If someone is having unprotected sex, there is a risk of pregnancy. Even if ejaculation did not occur, pregnancy is still a risk because of something called pre-cum. Pre-cum—officially called pre-ejaculate—is a clear, sticky fluid released by the penis between the beginning of arousal and ejaculation. Some people release a small amount of pre-ejaculate; others may release quite a bit, and most people may not know when pre- ejaculate is happening
Although pre-ejaculate does not contain sperm when it is produced, it can pick up leftover sperm in the urethra. This means that pre-ejaculate can contain sperm when it leaves the body, creating a risk for pregnancy. Pre-ejaculate can also transmit STIs.
Remember though, condoms can help reduce the risk of pregnancy (and STIs) by up to 98% when used correctly.
If your friend is still concerned, Emergency Contraception can help reduce the risk of pregnancy. Emergency Contraception works by delaying ovulation – the process when the ovaries release an egg – if ovulation has not already occurred. Emergency contraception can be taken up to five days after the most recent sexual contact and is more effective the sooner it is taken.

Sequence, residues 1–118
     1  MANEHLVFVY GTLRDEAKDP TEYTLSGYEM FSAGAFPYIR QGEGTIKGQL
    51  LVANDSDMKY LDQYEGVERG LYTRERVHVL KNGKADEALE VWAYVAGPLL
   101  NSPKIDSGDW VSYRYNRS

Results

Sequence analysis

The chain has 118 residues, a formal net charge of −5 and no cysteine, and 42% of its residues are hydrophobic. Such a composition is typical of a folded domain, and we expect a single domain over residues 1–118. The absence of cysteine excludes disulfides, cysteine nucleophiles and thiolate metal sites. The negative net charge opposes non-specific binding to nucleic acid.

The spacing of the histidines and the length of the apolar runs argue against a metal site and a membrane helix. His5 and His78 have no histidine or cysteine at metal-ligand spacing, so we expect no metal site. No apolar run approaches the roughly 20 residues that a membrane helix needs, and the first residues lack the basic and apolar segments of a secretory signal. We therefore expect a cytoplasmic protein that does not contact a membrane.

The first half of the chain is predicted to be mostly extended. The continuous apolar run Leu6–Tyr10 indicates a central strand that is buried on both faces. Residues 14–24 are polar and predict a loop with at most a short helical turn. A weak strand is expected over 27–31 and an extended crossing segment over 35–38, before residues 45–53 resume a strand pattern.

The only way someone can know if they are pregnant is to take a test at least 14 days after the most recent sexual contact.
It would also be a good idea for your friend to consider starting a form of birth control. Most methods can be up to 99% effective when used correctly.
If you want to make an appointment at Teen Clinic give us a call at 303-442-5160